A year ago, a Maryland team searching for its identity went to a tropical location and seemingly found it at the Paradise Jam in the U.S. Virgin Islands, taking home a trophy and what turned to be a false sense of confidence.
Whatever the Terps got out of victories over Marist, Northern Iowa and Providence did not sustain itself back home. Maryland lost three of its next six games, including a disheartening defeat to Boston University.
It was a foretelling of a largely disappointing 17-15 season.
The Terps, who proclaimed to be a "good tournament team" after reaching the semifinals in both the Atlantic Coast Conference tournament and the National Invitation Tournament in the 2012-13 season and then winning the Paradise Jam last year, will get another chance to prove that at the CBE Hall of Fame Classic in Kansas City.
Maryland (3-0) will play Arizona State (3-0) Monday night and either No. 14 Iowa State (2-0) or Alabama (3-0, including 82-54 win over Towson) on Tuesday.
The only lasting memory of last year's Paradise Jam tournament for senior guard Dez Wells was cutting down the nets despite the absence of then sophomore guard Seth Allen because of a broken foot.
"Winning, that's really all I really care about," said Wells, who was named the tournament's Most Valuable Player. "We won, and everybody played together and played hard, with injuries on that team. I feel we have a great chance of repeating the same thing this year."
The Terps have played the first three games this season without senior forward Evan Smotrycz. The team's leading returning rebounder and second-leading returning scorer also has been out since the preseason with a broken foot.
Maryland coach Mark Turgeon said Saturday that he is not putting any more emphasis on playing in a tournament -- one in which the Terps lost both games in Kansas City in 2005 -- than he did the first three home games.
"We're going to prepare for Arizona State and, of course, try to win the two games no matter who we play," Turgeon said. "Our scouting reports for Arizona State or Alabama or Iowa State will be the same as it is for Monmouth [Maryland's opponent on Nov. 28].
"This time of year it's about us getting better, us doing what we need to do. If we can do that we have a chance to be successful."
Arizona State coach Herb Sendek said Saturday that this is a chance for all the teams going to Kansas City to start building their NCAA tournament resumes.
"Nonconference games seem to be growing in importance in the eyes of the NCAA selection committee," Sendek said. "You're still learning about your team. All of us are still learning about our teams. These games are important in the bearing they could have come springtime."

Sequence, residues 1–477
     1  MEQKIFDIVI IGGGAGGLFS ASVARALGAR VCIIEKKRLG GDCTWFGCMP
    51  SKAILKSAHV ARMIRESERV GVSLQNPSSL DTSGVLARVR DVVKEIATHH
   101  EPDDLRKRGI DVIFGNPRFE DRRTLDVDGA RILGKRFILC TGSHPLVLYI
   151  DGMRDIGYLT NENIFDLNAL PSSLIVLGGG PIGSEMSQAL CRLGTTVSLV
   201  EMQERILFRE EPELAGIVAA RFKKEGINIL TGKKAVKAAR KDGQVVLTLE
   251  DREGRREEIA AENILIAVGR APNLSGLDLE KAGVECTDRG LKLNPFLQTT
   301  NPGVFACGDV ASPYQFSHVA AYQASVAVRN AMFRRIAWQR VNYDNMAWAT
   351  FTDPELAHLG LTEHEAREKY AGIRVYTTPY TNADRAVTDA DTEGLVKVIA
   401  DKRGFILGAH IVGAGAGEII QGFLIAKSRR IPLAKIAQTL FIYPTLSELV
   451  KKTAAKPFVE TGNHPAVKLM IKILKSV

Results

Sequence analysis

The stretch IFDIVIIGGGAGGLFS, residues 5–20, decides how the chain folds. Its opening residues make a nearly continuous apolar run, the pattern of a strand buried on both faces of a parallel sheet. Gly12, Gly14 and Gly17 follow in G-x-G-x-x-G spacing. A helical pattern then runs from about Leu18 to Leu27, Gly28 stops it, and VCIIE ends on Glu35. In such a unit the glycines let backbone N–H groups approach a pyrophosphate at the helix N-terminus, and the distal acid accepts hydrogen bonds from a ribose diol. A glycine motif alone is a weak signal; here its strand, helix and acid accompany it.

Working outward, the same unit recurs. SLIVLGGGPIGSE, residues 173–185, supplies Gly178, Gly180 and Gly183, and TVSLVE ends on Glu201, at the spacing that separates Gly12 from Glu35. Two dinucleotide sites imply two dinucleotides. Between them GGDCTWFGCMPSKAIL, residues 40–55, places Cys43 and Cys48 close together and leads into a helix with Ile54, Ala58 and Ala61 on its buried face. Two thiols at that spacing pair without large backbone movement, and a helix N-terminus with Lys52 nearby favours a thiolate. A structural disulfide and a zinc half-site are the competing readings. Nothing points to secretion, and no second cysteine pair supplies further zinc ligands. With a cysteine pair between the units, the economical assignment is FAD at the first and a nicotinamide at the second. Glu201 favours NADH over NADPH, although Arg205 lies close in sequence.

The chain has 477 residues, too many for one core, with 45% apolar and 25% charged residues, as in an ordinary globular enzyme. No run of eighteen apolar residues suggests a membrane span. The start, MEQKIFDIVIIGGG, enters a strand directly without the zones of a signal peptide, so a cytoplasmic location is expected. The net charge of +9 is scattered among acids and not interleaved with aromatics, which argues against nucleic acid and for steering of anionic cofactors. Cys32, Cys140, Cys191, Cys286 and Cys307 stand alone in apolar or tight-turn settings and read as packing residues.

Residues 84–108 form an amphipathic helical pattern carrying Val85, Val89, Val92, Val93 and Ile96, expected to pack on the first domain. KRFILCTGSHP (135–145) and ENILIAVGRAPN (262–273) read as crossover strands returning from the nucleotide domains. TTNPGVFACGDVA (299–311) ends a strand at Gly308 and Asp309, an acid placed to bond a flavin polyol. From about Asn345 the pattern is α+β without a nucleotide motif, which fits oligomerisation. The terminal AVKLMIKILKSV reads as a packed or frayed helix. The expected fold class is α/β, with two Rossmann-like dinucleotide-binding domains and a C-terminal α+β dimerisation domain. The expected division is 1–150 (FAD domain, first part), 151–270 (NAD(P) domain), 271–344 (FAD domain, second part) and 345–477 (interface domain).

Turgeon doesn't think his Terps took a step backwards in Thursday night's 66-50 win over Fordham, a game during which Maryland shot poorly in the first half and led by only five, 23-18, at halftime.
With a team as young as Maryland, Turgeon is careful to balance what the Terps did right as well as what they did wrong when it comes to film sessions and subsequent practices.
"It's about balance," he said. "My thing is, if guys aren't trying hard or it's a lack of concentration, you can flat get after them. But they're trying hard, then making mistakes, you can applaud them for that. We did a lot of positive things. I thought we really guarded for 34 minutes."
Asked what he learned from watching tape of the win over Fordham, Wells said: "That we shot the ball extremely bad and that we have a lot of room to grow. We can do a lot better in our zone offense as well as in our motion offense. And we also learned that our motion offense can work against the zone."
Junior forward Jake Layman said the competition the Terps will face in Kansas City is a "big step up" from what they saw in the first three games.
"We're excited to finally play somebody from a big conference like the Pac 12," Layman said.
Layman said Maryland's post defense and rebounding need to improve against the Sun Devils, whose center, 6-foot-10, 255-pound junior Eric Jacobsen, leads the team with nine rebounds and three blocked shots per game. The Terps have given up double-digit offensive rebounds to each of their first three opponents.
"I think rebounding is huge for us, that's No. 1 [for improvement] on our list right now," Layman said. "If we can improve on that in this game, I think we will take care of business."
Said Wells: "I think we have to rebound better, communication can always get better and we can execute a little better in our offense. But around this time of the season, those are things you hear from almost every team."